Lung Cancer Still Rising in British Women

Women now pay the price for smoking in the Mad Men era as number of lung cancer cases rises, a United Kingdom charity says.

“You’ve come a long way, baby.” That’s the slogan cigarette maker Altria Group, formerly Phillip Morris Companies, used to sell its Virginia Slims when it first introduced the brand in 1968. Some media watch groups interviewed by the Centers for Disease Control and Prevention decades later blame this campaign for the rapid increase in smoking among teenage girls in that era.

A report by the United States Surgeon General — famous for being the first in the U.S. to say bravely, in 1964, that smoking caused cancer — interpreted this marketing slogan, as well as later ones, as an attempt to lure women into taking up smoking by linking it “to women’s freedom, emancipation, and empowerment.”

In the same report, the U.S. Surgeon General also tied the increase of smoking among teenage girls to rises in sales of Virginia Slims and other “niche” brands marketed directly to women.

Now, four decades after that slogan first saw print, women in the United Kingdom are paying the price. Lung cancer rates among British women continue to rise as decades of smoking take their toll, a leading charity reports on April 13.

New figures published by Cancer Research UK show that:
• Compared with fewer than 8,000 in 1975, more than 18,000 women in the UK were diagnosed with lung cancer in 2009.
• Compared with 22 per 100,000 in 1975, there were 39 cases of lung cancer for every 100,000 women in the UK In 2009.

The number of cases reflects smoking patterns from around two to three decades ago. Smoking among women was most prevalent in the 1960s — the period described by Cancer Research UK as the “the ‘Mad Men era,’” after the popular British television show. It was a time when the first wave of Women’s Liberation Movement was underway — and around 45 percent of women smoked.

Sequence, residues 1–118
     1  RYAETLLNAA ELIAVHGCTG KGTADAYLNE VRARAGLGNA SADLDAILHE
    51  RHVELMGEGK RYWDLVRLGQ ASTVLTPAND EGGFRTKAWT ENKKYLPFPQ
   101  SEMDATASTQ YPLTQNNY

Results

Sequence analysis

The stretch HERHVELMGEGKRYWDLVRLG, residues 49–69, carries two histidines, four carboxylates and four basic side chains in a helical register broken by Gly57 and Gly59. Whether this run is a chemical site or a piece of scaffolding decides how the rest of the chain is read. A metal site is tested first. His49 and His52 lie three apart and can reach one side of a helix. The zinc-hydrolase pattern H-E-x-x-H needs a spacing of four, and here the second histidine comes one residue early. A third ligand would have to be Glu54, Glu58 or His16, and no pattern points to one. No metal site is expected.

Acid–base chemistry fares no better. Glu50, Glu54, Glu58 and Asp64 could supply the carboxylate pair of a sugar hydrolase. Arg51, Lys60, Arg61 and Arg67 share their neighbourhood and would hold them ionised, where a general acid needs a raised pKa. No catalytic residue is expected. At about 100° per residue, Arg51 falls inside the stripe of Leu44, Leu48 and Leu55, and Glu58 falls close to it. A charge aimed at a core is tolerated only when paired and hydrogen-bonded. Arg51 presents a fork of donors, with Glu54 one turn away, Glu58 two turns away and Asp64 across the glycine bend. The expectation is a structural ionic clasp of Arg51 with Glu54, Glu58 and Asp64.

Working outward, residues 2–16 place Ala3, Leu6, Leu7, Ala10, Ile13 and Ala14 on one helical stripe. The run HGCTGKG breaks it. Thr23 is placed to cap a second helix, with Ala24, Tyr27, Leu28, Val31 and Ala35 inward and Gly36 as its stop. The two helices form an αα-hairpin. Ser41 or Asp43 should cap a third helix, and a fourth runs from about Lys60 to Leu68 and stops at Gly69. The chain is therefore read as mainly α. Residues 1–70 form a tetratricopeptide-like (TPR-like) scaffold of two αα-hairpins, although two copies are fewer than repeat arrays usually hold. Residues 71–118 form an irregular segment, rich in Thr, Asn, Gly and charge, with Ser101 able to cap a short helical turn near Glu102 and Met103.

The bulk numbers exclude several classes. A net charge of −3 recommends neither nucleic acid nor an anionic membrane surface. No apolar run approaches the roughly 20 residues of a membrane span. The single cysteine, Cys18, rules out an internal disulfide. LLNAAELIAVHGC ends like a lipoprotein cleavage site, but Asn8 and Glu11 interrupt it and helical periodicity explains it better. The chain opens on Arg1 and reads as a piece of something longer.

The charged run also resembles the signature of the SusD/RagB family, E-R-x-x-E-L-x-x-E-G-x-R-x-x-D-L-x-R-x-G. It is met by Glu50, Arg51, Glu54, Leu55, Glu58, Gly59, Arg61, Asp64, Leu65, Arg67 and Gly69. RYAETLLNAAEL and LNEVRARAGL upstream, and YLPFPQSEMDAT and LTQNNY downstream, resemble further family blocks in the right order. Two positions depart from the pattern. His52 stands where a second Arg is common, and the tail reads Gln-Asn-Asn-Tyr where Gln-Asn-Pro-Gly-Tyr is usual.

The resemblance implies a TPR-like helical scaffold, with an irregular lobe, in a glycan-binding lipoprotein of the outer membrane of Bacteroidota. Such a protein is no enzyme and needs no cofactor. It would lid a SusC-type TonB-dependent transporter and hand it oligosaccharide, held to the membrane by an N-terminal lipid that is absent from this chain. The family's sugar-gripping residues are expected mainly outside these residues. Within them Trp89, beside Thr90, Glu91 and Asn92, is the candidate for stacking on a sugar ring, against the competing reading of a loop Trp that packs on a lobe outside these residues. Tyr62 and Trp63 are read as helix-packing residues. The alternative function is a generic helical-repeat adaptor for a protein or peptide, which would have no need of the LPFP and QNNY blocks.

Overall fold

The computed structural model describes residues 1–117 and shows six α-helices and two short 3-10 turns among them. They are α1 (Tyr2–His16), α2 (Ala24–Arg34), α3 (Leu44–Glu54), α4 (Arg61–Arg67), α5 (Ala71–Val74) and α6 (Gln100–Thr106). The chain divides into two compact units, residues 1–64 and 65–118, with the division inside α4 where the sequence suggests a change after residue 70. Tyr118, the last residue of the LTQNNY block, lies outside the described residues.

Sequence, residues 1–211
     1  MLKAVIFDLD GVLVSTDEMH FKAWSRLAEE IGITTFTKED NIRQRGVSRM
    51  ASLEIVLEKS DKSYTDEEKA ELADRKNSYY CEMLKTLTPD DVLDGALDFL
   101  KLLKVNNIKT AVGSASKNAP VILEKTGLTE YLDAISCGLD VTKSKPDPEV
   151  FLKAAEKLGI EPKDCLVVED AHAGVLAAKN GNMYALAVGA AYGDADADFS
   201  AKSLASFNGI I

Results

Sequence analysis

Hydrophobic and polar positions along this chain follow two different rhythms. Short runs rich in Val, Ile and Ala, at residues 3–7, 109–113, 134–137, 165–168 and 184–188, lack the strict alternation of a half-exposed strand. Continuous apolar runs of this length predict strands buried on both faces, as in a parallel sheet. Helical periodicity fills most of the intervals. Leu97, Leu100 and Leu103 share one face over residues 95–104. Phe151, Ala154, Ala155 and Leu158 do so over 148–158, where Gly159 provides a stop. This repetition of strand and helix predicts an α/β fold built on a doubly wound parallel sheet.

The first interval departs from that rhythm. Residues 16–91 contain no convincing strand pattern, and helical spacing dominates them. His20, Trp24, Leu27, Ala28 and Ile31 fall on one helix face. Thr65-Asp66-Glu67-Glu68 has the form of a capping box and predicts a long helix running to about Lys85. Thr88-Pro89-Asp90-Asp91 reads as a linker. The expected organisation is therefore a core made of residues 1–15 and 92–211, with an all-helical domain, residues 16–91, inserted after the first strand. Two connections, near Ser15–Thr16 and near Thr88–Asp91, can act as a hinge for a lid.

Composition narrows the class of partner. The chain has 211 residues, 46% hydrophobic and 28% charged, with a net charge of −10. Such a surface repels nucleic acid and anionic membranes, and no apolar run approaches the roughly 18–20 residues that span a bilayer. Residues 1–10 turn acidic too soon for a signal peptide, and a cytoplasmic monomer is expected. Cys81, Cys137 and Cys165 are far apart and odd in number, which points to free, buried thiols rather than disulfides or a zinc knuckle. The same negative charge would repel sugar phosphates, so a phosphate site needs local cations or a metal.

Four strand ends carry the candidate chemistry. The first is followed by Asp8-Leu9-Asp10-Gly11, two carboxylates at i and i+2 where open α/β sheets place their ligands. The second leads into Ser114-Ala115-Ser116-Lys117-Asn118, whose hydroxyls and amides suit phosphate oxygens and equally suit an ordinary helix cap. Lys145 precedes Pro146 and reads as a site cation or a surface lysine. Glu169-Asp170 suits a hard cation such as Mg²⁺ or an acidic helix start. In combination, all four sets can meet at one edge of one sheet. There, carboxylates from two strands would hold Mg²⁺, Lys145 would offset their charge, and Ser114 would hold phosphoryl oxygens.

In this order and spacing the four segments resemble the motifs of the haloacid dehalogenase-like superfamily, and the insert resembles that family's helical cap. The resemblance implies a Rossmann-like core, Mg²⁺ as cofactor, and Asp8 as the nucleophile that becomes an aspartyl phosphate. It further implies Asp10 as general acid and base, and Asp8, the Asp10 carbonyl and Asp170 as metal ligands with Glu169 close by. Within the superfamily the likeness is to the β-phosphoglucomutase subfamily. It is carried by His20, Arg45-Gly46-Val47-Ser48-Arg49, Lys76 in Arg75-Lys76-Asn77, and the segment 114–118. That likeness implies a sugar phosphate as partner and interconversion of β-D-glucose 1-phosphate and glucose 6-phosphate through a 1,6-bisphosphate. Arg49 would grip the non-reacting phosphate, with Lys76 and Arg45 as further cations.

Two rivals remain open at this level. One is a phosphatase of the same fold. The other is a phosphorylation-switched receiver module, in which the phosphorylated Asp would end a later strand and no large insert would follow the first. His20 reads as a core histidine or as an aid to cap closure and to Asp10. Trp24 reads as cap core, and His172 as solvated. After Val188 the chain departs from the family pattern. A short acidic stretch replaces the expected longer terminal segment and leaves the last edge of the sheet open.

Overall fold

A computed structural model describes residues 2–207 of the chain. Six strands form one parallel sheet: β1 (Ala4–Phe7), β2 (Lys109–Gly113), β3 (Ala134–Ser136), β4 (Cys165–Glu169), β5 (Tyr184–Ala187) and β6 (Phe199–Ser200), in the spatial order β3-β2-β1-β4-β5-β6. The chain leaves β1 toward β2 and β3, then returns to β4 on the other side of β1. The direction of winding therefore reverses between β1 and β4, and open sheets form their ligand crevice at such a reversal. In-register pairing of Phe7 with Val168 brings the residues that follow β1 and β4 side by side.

Today, the numbers of smoking women have fallen to 20 percent of all UK women, following growing awareness of the hazards of smoking. But the effects of habits in earlier days are still being felt.

“The continuing rise of lung cancer in women reflects the high number of female smokers several decades ago when attitudes were different,” says Jean King, director of tobacco control at Cancer Research UK. These figures highlight the “deadly impact” of tobacco, she says.

But even if the numbers of women smokers are going down, King warns that, “Tobacco advertising hasn’t appeared on UK television since 1965, but that didn’t stop the marketing of cigarettes. New, more sophisticated marketing techniques have lured many hundreds of thousands into starting an addiction that will kill half of all long term smokers.”

Lung cancer rates in men going down
But unlike women, rates of lung cancer among men in the UK have been falling steeply. In 1975 the rate of lung cancer among men in the UK was 110 per 100,000, whereas now it is 58.8.

Nearly 35,000 people — 19,410 men and 15,449 women — died from lung cancer in the UK in 2010, according to the new figures.

But while lung cancer rates are rising in British women, these have been falling among U.K. men — the number of cases now stands at 58.8 per 100,000, compared with 110 in 1975.

Cancer Research UK puts this down to smoking rates having peaked earlier among men than women.
More than 65 percent of men smoked during World War II and the rest of the 1940s, leading to lung cancer rates reaching their highest around 30 years later, in 1979, the charity says. The disease is still more common among men in the UK, as the figures show.